Why is there fear of death within our hearts? Perhaps we can look at our perception of the nature of change itself.

2. No Beginning, No End

If you have had a walk in the park, you might have noticed leaves falling from trees. The fallen leaves are mostly old and yellowed. There are young leaves too who have fallen from the trees. In the wilderness, these leaves decompose. Their decomposition becomes fertilizer for earth, so that more plants and trees may grow.

Plants don’t grow without water or the sunlight.

As plants turn sunlight into energy, we consume the energy of the sunlight through plants. We too, partake in the sunlight and water the plants consume, in order to survive. Our bodies are intertwined with nature.

Like a piece of paper, our bodies too contain the elements of plants, sunlight and water.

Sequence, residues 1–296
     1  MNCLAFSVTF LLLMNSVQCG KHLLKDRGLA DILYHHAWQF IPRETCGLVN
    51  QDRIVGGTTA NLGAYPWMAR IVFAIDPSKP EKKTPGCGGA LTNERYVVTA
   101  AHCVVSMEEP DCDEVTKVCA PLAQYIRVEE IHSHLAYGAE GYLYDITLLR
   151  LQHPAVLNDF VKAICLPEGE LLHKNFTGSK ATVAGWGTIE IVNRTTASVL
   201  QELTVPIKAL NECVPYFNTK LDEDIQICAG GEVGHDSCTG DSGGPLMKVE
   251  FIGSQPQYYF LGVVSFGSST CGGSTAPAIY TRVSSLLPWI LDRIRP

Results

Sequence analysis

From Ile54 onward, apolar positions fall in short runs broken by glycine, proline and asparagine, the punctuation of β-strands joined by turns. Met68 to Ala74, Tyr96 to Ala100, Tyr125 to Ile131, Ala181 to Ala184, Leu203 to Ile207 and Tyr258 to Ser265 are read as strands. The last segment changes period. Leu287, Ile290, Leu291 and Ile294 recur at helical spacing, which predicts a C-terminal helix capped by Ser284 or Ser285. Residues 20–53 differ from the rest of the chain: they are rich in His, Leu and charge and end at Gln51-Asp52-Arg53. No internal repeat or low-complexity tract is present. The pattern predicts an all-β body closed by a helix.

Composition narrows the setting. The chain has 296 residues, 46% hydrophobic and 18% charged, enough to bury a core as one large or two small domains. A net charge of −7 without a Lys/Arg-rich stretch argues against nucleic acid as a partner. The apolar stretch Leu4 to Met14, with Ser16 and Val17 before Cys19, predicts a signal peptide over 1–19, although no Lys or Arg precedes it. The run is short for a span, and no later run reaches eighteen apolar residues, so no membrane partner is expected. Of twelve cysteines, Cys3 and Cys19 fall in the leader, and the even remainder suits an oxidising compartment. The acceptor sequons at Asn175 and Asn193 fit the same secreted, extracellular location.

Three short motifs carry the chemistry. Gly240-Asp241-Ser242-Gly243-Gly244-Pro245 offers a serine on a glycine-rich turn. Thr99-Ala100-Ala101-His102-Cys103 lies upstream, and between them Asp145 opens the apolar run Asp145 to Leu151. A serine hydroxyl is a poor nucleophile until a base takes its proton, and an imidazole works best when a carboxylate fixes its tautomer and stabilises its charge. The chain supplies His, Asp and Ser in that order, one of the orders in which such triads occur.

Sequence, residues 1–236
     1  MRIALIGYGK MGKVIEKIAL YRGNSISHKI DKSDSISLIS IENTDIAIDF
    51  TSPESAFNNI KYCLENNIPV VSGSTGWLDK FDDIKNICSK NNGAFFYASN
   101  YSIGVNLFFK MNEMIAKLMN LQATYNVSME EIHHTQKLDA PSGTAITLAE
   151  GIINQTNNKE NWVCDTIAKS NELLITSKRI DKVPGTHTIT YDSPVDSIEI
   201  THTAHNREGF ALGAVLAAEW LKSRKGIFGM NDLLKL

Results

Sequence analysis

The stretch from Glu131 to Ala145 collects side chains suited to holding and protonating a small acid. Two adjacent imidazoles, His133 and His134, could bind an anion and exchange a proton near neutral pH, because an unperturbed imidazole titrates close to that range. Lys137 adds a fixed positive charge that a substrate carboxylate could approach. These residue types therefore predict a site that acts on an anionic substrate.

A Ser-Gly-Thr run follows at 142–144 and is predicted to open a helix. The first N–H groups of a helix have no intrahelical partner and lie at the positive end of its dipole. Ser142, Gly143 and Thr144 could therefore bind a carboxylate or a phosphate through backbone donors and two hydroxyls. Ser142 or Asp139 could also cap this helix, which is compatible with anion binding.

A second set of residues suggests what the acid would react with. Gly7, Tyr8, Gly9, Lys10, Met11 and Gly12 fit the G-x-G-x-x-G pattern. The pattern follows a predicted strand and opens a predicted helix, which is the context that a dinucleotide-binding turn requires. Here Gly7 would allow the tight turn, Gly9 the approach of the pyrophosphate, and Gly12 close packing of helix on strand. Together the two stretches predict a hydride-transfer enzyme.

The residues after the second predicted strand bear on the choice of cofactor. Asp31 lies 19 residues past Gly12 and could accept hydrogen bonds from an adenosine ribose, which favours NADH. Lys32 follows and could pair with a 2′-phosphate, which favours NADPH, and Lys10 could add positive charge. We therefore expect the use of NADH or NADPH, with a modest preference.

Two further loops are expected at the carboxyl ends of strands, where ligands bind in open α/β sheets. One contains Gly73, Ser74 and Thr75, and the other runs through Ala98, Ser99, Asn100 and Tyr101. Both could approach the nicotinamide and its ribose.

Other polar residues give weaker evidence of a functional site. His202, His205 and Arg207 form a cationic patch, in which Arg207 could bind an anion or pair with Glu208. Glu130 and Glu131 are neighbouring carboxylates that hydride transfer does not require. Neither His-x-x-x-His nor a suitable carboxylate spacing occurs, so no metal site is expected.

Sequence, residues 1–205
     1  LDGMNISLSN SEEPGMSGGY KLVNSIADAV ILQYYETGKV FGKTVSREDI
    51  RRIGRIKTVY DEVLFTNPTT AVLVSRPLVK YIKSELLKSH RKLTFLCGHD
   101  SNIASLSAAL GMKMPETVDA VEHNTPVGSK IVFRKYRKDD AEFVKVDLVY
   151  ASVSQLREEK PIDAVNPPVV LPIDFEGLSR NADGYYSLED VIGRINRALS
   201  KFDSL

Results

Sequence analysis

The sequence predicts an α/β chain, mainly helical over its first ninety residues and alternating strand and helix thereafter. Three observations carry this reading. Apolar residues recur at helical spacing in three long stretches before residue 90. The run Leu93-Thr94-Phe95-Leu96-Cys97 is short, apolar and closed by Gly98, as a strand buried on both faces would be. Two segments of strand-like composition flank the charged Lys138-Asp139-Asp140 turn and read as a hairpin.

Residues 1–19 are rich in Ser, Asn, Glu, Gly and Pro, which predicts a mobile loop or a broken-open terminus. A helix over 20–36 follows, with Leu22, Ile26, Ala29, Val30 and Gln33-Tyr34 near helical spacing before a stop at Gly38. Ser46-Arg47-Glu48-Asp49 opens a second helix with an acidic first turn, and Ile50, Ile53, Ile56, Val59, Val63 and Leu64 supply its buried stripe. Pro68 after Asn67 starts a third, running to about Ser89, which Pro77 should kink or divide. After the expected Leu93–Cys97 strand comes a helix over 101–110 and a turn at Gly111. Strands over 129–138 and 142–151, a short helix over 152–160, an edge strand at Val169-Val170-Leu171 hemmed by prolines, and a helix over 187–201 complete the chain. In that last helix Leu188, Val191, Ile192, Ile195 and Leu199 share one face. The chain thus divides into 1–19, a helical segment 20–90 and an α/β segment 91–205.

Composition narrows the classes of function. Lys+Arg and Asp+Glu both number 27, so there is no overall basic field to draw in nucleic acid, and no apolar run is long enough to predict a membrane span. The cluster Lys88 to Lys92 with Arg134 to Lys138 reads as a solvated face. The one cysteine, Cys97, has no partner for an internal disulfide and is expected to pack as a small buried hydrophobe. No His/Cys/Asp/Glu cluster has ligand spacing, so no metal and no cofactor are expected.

As our bodies age and die, it too could become fertilizer for earth to grow new organisms. Truth is, there is no beginning or end, but only change. One body change to another just like water turning into ice due to conditions. Despite learning about change in elementary science, we however, do not think this constant change in nature applies to us.

Our bodies are a part of nature dependent on nature. It does not belong to us. We identify with our bodies. We identify people we know with their bodies. With this identification that the body is “I”, there is always this feeling of holding onto the body. The Buddha talked about three types of feelings. We can easily feel pleasant and unpleasant feelings. What about neutral feelings? Is your mind holding onto the neutral feeling in your body when the grosser feelings are absent?

3. Investigating Perception